“Hallo” I said, “Gloria in?”

“No” she replied.

“Where’s Charlie?” I asked

“He’s gone away.”

“Where he gone?”

“He’s gone away.”

“Yes, but where’s he gone to?”

At this point she burst into tears. “So where’s he gone?” Suddenly the penny (or rather the Anna) dropped. Since my last visit a month or so ago he had passed away. The floor did not open up beneath me unfortunately.

When we flew on formation trips we used to take off separately and then rendezvous over a pre-selected place out at sea, generally an island called Ramree then get into formation on our way to the target via an identification point. We occasionally did joint operations with the USAAF’s flying fortresses. Their navigators, other than the leaders, were not over competent and they normally flew by day in formation and just followed the Number one aircraft. So they not infrequently followed the odd RAF Liberator. The normal squadron formation was a box of boxes (see below) from whence comes a true story.



One of our squadron pilots was a chap by the name of ‘Dizzy’ Neville, I’ve no idea why he was called ‘Dizzy’ and it doesn’t really matter. On one of the Rangoon raids Dizzy’s co pilot was not available and one of the new inexperienced chaps took his place. Dizzy was in Number four box, so his co-pilot was very busy adjusting the engine throttles to catch up or drop back a bit. There was a knurled knob at the side of the throttles that had to be loosened when an adjustment to the engine revs had to be made. The new boy was getting a wee bit agitated when the flack started flying and when Dizzy called for a reduction in revs he forgot to loosen the nut. He got a bit carried away and tugged on the four throttle levers cutting power to the four engines. Dizzy didn’t realise what had happened and so through his intercom called “Skipper to crew, prepare to bail out!” In the ball turret that hangs below the aircraft sat Willy Reeks. To get out of the turret it had to be pumped up manually into the belly of the fuselage. A beam gunner, generally the second W/OP who having done this would take up his position back to the open air of the beam hatch, did this. Willy’s position was likewise on the other side of the aircraft. The W/OPS helmet was still o his head but Willys was still in the ball turret. In less time than I’ve taken to recount this Dizzy had realized what had happened and got the four engines going properly again and called “skipper to crew, resume positions, alls well.” The second W/OP of course heard this and gave Willy, who hadn’t, the thumbs up sign which Willy construed as ‘this is it,” and went out backwards’ Think of him on the way down “Hey, wait for me chaps.” Some months later when Rangoon fell he was released from a POW camp and was court martialled for desertion in the face of the enemy he wasn’t punished of course.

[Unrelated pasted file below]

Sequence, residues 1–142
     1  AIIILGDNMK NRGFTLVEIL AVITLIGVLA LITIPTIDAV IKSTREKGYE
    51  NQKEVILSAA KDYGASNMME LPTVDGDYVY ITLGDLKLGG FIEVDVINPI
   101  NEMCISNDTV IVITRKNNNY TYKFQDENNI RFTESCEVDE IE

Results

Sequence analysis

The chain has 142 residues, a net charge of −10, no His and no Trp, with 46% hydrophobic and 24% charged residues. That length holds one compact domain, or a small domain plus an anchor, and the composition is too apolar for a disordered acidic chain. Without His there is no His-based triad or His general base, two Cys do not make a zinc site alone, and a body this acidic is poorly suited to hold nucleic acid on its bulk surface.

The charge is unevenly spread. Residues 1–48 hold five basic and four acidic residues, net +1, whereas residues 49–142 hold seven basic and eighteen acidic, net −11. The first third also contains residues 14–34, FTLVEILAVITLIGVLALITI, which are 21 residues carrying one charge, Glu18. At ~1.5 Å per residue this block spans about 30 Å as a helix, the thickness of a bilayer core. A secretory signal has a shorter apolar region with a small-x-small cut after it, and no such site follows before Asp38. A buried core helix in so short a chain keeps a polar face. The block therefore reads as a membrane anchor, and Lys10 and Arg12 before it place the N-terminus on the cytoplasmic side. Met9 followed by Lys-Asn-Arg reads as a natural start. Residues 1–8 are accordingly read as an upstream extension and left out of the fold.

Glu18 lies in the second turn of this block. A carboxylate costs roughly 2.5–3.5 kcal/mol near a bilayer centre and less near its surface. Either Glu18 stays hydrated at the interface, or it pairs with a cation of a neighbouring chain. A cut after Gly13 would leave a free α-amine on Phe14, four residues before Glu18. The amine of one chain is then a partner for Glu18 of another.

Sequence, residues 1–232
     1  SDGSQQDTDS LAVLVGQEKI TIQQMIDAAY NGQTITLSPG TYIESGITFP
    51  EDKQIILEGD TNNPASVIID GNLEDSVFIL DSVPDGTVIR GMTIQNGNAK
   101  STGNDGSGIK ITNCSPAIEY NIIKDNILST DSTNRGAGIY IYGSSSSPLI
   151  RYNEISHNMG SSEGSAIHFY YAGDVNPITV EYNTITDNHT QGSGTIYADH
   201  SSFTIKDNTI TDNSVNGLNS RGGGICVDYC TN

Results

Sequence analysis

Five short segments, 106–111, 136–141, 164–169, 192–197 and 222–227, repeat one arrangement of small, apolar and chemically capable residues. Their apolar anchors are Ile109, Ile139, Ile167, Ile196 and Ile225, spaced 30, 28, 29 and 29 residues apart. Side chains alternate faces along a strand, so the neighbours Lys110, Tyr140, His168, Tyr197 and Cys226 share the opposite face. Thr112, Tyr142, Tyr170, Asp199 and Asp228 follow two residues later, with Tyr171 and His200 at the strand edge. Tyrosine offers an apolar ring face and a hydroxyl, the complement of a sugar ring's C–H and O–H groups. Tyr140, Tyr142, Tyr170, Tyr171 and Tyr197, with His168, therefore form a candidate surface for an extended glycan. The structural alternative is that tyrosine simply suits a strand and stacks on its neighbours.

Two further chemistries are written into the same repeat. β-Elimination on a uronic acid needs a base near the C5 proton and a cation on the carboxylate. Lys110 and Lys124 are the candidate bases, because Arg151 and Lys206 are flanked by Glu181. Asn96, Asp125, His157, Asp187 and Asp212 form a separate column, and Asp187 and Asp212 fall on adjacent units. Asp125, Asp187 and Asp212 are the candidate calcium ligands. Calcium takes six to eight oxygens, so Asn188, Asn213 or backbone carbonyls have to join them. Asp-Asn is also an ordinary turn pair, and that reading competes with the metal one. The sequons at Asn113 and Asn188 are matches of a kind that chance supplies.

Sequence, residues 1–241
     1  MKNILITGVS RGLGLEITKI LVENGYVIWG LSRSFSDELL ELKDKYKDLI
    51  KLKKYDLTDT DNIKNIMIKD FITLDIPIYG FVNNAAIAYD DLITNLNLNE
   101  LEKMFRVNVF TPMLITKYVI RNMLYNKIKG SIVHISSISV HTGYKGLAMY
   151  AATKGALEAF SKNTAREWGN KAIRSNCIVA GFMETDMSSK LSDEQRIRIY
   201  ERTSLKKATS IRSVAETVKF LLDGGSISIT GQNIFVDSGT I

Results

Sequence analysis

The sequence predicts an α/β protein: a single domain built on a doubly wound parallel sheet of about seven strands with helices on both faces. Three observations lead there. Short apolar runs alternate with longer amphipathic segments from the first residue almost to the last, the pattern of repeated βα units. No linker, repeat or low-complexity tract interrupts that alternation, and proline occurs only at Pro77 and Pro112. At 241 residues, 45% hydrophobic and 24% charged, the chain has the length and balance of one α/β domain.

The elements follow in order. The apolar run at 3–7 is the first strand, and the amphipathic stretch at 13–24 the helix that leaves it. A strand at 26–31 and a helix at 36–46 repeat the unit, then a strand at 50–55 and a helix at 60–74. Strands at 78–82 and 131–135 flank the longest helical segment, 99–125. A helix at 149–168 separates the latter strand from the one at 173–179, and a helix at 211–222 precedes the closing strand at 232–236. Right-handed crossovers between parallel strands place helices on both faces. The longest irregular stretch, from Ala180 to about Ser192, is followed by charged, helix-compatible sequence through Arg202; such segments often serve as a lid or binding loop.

On 2/4/45 I finished my operational tour having completed 38 missions for a total of 300 hours 30 minutes operational flying. I was now a flying officer and was awarded the DFC, The skipper received the DSO.

DFC Press release from the London Gazette


At this time a new unit 232 Squadron was being formed to fly from Ceylon via the Cocos Islands to Australia using the Liberator Express, A transport command version of the bomber used to carry passengers and a little freight.  Flying time to the Cocos from both Ceylon and Perth was about nine hours flying and was all over the sea. As the Cocos were about nine miles by two in size, it was not that easy to find so only well-experienced navigators were allowed to join this unit, there were six of us all told.

I was sent to Delhi where the squadron was based and there crewed up with a Canadian pilot, Bud Manchester. For a while we flew from Palam (Delhi) to Ratmalana (Colombo) and back to gain experience and then flew the Australian leg. One of my Hendon County school friends was Johnny Fuller; he joined the Fleet Air Arm when I joined the RAF. We maintained a very occasional correspondence. When I was in Ceylon I had a note from him, he was based at the time in Madras, I phoned his base and spoke to him and he flew down to Ratmalana and took me back to madras for a couple of days and then bought me back staying overnight in my hut. That evening we walked out onto the veranda to go to the mess. At the end of the veranda was a snake, quite a big one, coiled with its head about three feet of the ground. I nipped back into the hut, came out with my .38 Smith and Wesson and fired from the hip. I blew its head off. In 1998-99 Johnny Fuller appeared in my antique shop, my wife Pat was there and Johnny said, “Do you remember shooting that cobras head off?” I hadn’t recalled that incident for years and years.